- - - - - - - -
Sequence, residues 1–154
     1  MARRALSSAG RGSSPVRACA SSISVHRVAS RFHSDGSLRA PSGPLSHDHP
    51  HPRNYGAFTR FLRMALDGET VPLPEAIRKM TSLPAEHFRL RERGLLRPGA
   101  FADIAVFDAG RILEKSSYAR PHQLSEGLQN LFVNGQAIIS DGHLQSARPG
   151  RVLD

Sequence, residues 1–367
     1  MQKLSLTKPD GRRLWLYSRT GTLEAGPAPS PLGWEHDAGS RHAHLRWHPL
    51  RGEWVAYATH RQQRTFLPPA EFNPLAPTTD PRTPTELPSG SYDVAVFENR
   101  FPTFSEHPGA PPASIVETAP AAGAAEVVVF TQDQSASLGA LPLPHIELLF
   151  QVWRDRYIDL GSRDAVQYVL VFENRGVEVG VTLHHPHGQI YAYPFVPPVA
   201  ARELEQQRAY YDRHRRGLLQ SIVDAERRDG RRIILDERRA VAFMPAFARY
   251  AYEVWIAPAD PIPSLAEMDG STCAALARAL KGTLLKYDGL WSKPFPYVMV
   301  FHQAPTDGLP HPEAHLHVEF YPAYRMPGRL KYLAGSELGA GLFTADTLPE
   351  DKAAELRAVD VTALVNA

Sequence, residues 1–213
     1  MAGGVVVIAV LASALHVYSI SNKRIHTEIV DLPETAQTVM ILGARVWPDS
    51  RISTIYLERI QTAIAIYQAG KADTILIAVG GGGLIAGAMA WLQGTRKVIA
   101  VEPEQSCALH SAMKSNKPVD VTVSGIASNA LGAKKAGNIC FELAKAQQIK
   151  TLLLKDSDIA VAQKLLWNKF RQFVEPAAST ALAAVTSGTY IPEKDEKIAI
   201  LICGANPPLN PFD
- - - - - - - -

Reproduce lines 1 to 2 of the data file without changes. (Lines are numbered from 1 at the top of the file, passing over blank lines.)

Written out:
Sequence, residues 1–154
     1  MARRALSSAG RGSSPVRACA SSISVHRVAS RFHSDGSLRA PSGPLSHDHP